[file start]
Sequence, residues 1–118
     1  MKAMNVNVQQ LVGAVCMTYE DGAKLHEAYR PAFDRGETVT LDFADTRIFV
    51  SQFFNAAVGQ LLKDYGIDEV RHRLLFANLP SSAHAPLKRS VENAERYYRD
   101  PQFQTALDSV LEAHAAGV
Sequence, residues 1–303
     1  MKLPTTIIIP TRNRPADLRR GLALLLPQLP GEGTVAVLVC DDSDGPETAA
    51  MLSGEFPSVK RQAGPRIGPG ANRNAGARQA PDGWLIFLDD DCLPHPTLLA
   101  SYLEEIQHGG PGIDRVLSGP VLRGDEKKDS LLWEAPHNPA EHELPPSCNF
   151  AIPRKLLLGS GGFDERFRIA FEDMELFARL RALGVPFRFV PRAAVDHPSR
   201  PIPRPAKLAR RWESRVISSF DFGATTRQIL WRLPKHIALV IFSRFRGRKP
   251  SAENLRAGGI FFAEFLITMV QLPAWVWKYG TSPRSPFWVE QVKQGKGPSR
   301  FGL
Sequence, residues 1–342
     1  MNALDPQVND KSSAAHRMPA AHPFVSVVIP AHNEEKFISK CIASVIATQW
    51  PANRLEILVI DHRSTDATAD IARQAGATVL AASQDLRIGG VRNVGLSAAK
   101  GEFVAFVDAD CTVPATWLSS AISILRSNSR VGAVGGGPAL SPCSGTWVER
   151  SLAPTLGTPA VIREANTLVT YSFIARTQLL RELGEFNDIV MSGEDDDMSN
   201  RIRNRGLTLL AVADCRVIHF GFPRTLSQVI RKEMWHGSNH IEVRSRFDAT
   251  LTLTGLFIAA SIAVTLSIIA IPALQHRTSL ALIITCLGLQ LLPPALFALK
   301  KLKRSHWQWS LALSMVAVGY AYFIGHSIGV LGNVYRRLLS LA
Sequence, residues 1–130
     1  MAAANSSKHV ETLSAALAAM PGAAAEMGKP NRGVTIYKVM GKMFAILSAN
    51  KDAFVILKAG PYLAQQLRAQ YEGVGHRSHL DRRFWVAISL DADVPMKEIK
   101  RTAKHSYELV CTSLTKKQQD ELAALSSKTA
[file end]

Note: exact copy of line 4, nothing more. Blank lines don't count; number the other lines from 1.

   101  PQFQTALDSV LEAHAAGV